PROSPECT PARK — The toxic blooms are back.
Blue-green algae toxic to humans and their pets has once again grown in Prospect Park Lake, state tests show, polluting a popular swimming spot for dogs in the park.
The Peninsula area of the lake is now closed off to dog swimming following the detection of widespread blue-green algae, or cyanobacteria, with “high toxins” in the water, according to a Department of Environmental Conservation test completed last week.
However, the park’s “Dog Beach” area is unaffected by the algae blooms so far, the Prospect Park Alliance told DNAinfo New York on Wednesday, and is open for public use.
The algae blooms have formed in Prospect Park’s waters for four years in a row, appearing in the summer months and turning the lake vivid blue and green.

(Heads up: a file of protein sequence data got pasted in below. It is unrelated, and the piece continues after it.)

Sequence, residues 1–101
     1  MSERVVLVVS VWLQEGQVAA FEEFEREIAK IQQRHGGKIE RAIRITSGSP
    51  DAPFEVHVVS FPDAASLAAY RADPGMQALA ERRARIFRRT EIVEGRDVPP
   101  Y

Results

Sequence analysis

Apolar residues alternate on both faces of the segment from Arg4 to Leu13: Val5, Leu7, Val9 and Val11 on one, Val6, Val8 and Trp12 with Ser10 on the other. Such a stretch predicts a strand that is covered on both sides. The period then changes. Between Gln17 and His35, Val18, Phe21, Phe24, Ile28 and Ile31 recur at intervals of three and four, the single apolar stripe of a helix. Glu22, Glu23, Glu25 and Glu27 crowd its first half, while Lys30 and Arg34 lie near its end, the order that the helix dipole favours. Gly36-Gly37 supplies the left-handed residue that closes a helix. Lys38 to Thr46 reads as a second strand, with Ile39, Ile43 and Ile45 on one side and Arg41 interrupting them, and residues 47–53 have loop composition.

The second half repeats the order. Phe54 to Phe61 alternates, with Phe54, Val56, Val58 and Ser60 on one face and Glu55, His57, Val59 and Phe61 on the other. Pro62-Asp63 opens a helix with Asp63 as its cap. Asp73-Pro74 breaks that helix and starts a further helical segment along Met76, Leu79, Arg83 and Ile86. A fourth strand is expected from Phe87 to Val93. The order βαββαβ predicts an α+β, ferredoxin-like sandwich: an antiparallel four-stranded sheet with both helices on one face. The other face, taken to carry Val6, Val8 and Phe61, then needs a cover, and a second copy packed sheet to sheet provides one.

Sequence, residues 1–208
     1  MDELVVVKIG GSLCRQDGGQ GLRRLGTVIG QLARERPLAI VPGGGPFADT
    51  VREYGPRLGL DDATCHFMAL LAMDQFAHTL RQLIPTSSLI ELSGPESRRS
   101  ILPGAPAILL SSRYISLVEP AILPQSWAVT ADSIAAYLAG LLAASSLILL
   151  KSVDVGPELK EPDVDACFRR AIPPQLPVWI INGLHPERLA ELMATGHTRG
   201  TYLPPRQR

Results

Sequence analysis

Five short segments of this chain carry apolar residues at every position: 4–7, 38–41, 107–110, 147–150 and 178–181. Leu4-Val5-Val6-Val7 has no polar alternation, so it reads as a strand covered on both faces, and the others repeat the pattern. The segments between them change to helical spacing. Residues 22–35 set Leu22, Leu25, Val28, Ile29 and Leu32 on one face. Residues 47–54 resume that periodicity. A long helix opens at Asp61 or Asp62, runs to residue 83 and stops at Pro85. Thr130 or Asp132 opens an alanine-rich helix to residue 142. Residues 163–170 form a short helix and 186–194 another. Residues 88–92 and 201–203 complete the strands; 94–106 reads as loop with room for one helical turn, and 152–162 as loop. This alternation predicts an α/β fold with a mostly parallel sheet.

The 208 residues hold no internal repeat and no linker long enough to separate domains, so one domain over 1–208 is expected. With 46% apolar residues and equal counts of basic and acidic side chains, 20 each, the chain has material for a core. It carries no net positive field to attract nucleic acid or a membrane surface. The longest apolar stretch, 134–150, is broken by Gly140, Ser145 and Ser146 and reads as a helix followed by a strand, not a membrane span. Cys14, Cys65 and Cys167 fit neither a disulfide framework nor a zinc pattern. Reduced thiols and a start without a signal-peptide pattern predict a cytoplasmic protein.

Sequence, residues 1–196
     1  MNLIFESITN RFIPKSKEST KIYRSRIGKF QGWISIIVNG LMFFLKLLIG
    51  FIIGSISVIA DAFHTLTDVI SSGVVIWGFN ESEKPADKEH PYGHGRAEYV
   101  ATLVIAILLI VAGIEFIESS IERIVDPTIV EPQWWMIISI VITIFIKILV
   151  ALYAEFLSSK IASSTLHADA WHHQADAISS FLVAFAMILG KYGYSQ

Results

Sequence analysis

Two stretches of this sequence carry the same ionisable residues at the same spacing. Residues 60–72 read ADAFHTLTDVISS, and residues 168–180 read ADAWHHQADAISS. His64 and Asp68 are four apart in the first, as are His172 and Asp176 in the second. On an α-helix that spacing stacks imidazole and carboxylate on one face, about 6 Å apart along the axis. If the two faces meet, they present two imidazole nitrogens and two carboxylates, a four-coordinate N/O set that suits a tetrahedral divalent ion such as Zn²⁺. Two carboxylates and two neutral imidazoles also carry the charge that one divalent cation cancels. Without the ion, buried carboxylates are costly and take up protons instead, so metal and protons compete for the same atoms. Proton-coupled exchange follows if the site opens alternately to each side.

Some cyanobacteria that produce toxins can make people or animals sick if the algae is ingested or comes in contact with skin, the alliance said. If a pet or a person is exposed to it, the group recommends rinsing the area immediately with clean water and to seek medical attention if irritation, allergic reactions, nausea, vomiting, diarrhea, headache or fever occur.
In response to the recent problems in the park due to algae, the alliance is in the midst of planning a pilot study to create a filtration system known as an “ecoWEIR” that will aim to reduce excessive algae growth in the park’s waterways.
The timeline for the project — made possible with $390,000 in funding from the New York State Office of Parks, Recreation and Historic Preservation — is not yet finalized, the alliance said.
For more information about the causes and effects of blue-green algae, visit the DEC’s website.